All this having been said, however, forces with missions such as peace imposition may well be conducting classic military operations. They will be relying on traditional principles of war except where that reliance makes it more difficult to achieve their overall mission. Such forces may well need to concentrate superior forces, rely on surprise, take measures to ensure the security of their forces and operating bases, and seize the military initiative. However, the goals of their operations will typically be limited and their offensive operations designed to establish the credibility of their forces and induce the parties to make greater efforts to find political solutions. They are unlikely to include the destruction of major forces or the creation of dangerous situations in which military force will be continually required to ensure the peace.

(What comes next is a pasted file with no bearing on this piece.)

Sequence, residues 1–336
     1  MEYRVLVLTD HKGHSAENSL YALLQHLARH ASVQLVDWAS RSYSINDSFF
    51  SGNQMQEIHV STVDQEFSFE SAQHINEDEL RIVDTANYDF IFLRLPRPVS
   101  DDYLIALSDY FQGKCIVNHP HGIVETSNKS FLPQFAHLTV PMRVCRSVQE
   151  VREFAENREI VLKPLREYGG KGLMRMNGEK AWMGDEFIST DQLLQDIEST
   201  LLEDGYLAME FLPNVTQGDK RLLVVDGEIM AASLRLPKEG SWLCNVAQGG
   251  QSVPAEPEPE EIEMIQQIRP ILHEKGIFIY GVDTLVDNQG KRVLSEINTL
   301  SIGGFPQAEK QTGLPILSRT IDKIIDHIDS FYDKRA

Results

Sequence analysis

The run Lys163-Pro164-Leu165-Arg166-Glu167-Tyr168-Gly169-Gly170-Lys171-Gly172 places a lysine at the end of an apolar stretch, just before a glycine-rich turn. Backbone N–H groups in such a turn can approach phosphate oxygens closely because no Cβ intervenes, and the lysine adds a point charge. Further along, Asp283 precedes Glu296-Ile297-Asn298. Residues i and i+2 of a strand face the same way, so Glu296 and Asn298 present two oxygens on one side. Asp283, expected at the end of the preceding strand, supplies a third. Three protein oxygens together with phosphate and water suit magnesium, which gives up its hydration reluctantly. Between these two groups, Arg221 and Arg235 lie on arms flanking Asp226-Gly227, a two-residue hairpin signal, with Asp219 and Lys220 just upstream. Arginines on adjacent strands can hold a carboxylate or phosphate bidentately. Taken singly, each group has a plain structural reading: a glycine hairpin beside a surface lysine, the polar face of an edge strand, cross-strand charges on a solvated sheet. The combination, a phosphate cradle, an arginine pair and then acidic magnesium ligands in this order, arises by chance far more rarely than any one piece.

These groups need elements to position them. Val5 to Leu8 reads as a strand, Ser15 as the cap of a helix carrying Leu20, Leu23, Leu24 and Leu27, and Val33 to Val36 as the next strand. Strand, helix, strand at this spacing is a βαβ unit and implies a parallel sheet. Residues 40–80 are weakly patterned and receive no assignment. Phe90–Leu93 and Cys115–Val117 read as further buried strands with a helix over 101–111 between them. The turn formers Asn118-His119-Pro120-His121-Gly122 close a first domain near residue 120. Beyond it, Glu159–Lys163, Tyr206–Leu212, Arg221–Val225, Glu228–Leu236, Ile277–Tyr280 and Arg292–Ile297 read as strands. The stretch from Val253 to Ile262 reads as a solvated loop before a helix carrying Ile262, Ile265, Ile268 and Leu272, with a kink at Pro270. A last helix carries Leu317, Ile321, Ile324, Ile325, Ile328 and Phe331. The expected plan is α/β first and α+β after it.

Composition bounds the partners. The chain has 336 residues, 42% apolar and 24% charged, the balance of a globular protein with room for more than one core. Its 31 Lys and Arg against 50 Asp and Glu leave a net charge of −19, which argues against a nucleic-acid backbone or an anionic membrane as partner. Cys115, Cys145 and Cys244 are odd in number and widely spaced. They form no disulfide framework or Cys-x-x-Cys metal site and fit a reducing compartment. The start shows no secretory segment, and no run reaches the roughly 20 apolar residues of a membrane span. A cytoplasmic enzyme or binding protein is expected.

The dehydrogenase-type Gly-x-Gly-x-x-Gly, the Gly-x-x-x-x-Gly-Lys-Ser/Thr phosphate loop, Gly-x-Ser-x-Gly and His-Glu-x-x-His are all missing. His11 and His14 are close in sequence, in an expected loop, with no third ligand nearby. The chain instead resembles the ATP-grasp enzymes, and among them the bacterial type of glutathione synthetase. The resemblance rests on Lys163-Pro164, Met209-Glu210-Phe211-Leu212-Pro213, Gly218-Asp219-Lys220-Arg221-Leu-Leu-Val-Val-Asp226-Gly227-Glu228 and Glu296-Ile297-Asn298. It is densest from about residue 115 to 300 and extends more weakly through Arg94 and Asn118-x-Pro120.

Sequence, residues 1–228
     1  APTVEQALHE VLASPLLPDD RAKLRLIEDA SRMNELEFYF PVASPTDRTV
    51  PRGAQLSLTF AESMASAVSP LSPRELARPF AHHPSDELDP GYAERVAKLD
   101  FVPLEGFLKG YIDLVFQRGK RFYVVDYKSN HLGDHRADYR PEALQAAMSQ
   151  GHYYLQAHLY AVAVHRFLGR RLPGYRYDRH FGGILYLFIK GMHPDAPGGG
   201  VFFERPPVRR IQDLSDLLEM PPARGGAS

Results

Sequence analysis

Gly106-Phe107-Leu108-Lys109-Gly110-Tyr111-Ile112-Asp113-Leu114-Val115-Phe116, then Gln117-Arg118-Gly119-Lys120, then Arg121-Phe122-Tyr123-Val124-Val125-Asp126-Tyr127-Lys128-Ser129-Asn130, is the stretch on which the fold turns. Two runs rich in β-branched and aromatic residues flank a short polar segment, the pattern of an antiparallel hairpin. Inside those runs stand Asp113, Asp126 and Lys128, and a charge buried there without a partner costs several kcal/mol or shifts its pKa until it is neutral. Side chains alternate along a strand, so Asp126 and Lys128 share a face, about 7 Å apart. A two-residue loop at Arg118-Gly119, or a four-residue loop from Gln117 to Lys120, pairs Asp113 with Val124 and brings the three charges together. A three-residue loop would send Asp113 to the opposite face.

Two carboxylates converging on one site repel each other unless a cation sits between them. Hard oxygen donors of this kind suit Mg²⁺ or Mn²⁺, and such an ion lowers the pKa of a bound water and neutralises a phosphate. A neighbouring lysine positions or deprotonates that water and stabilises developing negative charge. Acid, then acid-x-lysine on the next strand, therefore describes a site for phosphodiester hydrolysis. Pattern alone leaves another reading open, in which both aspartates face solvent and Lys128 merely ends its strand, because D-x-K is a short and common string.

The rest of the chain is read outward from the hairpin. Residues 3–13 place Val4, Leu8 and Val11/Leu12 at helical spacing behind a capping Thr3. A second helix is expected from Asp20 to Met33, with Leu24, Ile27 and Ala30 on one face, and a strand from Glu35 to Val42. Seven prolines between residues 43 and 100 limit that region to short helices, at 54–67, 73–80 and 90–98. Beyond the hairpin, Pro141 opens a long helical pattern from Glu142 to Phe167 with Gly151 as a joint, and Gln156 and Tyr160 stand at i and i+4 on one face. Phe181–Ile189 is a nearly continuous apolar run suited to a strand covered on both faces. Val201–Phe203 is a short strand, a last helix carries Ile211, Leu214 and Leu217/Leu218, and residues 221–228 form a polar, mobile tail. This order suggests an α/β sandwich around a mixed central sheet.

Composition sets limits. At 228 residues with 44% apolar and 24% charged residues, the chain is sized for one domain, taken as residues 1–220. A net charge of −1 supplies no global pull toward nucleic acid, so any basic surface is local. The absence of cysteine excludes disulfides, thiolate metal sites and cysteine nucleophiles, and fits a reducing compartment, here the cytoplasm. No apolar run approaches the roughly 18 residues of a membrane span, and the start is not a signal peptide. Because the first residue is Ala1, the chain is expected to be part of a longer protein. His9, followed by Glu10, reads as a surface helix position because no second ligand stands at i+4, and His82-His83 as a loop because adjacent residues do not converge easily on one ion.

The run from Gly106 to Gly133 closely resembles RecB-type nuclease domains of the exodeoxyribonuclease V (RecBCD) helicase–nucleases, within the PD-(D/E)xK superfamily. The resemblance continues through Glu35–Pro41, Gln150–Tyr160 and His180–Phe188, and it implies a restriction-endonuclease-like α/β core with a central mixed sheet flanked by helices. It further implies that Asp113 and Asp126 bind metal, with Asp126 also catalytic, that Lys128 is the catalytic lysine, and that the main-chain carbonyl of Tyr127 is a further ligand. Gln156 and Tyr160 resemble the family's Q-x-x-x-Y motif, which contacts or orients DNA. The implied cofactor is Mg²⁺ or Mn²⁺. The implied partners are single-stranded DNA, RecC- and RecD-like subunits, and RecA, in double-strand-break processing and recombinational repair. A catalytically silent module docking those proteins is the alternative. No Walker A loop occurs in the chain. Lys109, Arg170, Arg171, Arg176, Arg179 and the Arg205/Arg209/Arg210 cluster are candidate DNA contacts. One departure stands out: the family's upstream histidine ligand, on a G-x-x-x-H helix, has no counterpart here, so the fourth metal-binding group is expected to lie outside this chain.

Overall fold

The realistic principles for coalition peace operations therefore might best be stated as:
The first three of these principles are closely interrelated. Unity of Purpose is created and maintained by adopting Consensus Planning. This permits the interaction necessary both to "hear" the range of national agendas relevant to the operation and to build confidence within the coalition. At the same time, Simplicity is essential both to ensure that consensus can be built and to make it easy to maintain the clear objectives and procedures on which effective Unity of Purpose depends. The lack of mutual doctrine, linguistic barriers (both cultural and professional), and differential levels of capability and training within a multinational force make complex plans into recipes for defeat. Where sophisticated military operations are required, they need to be stated as simple functional elements of the plan and left to specific national forces with the requisite capabilities (US, NATO, or other modern military establishments). In many cases these burdens will fall on US forces.